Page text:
This twelfth edition of the International Survey of Library Automation presents the latest data on how libraries perceive the effectiveness of the strategic technology systems upon which they depend for their daily operations and to fulfill the expectations of their patrons. This report presents and interprets survey responses gathered from November 2018 through February 2019. The survey focuses primarily on integrated library systems and library services platforms as the applications used to acquire, describe, manage, and provide access to their collections. It also assesses the quality of support given from the respective vendor and probes interest in migrating to new solutions and attitudes toward open source alternatives.

Notable Observations
The migration away from legacy ILS products is in full swing. Most libraries using Millennium, Voyager, and Aleph noted they are considering moving to new systems.
Academic libraries considering migration mention Alma as one of their replacement candidates almost three times more than any other product.
Products with steady or rising satisfaction scores and high migration indicators include Ex Libris Aleph, Ex Libris Voyager, SirsiDynix Horizon. Innovative Millennium has diminishing satisfaction scores and high migration indicators.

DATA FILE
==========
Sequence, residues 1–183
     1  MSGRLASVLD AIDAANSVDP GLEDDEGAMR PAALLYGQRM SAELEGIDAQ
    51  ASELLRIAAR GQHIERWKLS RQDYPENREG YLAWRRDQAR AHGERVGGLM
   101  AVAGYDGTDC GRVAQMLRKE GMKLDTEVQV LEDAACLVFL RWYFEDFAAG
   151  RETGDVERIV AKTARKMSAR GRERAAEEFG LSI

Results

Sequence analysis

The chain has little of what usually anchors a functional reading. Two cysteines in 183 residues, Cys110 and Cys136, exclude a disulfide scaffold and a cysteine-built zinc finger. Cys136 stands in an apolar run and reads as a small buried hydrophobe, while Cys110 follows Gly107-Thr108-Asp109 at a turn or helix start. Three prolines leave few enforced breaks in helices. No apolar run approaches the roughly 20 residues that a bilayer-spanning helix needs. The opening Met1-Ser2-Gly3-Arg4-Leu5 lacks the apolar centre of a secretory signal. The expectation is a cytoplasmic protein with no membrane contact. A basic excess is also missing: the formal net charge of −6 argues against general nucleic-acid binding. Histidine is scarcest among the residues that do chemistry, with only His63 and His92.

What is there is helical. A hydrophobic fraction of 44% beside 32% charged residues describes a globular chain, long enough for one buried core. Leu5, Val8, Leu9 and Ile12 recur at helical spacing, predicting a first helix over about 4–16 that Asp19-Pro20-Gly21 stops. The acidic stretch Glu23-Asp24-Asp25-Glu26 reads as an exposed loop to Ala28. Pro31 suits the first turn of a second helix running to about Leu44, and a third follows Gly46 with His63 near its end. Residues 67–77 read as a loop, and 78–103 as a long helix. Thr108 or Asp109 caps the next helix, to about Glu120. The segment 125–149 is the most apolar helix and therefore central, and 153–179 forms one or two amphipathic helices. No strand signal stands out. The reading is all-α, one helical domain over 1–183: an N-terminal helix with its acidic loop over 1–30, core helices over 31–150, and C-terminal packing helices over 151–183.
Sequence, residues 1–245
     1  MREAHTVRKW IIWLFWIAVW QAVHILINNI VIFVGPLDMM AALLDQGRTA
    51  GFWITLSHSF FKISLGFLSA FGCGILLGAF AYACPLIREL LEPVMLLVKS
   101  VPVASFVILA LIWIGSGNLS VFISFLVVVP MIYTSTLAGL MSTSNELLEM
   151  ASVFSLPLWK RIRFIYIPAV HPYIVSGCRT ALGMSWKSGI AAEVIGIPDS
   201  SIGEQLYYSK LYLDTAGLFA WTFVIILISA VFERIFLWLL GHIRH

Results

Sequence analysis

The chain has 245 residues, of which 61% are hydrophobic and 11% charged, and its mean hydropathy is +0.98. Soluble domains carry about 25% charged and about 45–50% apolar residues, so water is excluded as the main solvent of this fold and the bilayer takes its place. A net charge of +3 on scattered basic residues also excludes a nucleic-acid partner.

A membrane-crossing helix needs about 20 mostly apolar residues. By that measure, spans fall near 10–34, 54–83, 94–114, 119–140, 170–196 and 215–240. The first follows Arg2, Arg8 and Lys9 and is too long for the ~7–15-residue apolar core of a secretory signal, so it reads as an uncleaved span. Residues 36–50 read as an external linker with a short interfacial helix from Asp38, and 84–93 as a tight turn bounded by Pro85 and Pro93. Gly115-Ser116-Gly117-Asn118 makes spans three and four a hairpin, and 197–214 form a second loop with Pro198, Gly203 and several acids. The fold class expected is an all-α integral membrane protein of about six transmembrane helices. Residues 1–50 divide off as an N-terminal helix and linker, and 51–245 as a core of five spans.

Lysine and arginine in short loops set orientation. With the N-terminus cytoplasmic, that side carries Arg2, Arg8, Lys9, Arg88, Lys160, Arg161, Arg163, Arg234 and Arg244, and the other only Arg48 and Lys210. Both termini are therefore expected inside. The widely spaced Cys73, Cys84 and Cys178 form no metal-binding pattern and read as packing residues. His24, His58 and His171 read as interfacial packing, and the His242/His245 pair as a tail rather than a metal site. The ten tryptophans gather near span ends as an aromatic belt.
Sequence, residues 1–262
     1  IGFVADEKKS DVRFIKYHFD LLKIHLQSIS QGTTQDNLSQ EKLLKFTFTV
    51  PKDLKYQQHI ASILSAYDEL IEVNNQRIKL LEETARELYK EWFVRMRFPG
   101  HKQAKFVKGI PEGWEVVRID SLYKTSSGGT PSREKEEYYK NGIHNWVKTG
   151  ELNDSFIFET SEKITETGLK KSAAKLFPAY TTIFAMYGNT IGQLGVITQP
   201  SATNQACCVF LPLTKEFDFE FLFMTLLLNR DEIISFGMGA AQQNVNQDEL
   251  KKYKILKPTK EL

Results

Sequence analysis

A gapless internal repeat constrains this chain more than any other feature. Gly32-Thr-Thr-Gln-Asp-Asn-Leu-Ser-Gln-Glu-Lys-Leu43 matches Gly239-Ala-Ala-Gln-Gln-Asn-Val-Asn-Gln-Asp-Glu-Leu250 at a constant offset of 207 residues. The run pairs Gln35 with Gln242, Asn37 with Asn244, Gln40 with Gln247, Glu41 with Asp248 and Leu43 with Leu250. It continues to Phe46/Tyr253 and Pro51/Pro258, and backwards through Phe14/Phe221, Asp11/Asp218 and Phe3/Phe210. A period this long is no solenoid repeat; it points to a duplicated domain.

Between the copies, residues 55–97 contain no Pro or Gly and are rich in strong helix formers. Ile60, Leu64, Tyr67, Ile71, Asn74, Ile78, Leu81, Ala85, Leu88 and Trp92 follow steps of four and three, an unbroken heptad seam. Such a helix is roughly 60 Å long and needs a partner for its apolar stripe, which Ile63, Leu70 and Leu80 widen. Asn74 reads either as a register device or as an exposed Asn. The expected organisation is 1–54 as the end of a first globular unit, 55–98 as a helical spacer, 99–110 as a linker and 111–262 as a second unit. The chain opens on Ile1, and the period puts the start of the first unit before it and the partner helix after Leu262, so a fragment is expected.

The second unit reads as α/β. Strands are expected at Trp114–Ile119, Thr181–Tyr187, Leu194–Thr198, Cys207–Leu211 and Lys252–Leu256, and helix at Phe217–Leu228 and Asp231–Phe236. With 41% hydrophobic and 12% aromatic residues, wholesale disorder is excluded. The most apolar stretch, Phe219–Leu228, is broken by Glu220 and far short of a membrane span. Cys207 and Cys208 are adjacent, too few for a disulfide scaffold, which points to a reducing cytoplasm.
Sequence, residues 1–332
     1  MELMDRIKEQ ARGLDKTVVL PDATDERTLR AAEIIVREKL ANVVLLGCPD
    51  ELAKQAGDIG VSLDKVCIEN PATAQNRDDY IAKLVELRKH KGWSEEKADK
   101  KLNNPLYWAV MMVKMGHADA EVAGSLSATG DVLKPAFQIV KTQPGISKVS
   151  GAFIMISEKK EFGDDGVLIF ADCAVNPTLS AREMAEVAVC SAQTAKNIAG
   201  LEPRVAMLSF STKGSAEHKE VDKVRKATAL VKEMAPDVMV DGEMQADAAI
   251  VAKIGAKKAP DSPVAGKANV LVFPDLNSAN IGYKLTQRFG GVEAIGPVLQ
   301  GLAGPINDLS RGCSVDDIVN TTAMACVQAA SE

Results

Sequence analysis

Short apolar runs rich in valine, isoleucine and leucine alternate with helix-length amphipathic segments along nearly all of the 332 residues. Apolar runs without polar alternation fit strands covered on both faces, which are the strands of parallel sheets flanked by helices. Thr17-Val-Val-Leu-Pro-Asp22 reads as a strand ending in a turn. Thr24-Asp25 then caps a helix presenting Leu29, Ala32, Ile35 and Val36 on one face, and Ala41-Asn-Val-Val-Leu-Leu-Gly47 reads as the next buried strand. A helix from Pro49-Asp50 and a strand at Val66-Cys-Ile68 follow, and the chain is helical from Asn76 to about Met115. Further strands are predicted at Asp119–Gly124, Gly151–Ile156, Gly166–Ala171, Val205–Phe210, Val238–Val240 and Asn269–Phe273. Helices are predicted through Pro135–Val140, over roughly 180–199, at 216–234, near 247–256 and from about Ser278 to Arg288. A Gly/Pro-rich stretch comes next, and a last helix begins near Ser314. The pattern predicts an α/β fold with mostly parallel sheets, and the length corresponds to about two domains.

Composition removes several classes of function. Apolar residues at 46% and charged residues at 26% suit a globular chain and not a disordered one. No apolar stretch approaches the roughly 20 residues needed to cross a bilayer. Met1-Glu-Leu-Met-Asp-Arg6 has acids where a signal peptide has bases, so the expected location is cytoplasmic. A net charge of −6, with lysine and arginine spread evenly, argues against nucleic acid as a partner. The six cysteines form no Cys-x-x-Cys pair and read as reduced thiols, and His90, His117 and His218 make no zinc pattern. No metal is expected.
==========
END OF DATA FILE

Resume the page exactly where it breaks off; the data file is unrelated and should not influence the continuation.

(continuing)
Larger proportions of libraries using flagship ILS products registered interest in new products. About 20 percent of libraries using Library.Solution, Sierra, and Symphony are considering replacements.
Biblionix Apollo received high satisfaction scores and very few libraries using it are considering alternatives. Even through its satisfaction ratings are not superlative, libraries using Ex Libris Alma registered a very low level of interest in changing systems.
Both major open source products, Koha and Evergreen, show increasing levels of satisfaction, with variance depending on support arrangements. Awareness of FOLIO continues to increase with 65 libraries mentioning it among their migration candidates.

3,549 libraries completed this year's survey, providing sufficient data to focus the analysis more on each category of library type and size rather than aggregating across all responses. Libraries of different sizes and types bring different expectations to their systems, making it essential to segment survey results to make meaningful comparisons and extract trends. The functional requirements of public, academic, school, and other types of libraries overlap to a certain extent, but in other areas each has distinctive, if not contradictory, functionality. Some of the products represented in the survey have been designed for specific sectors. For those used by multiple types of libraries, the analysis of the survey results by size and type of organization provides an opportunity to observe any differences in satisfaction across these categories.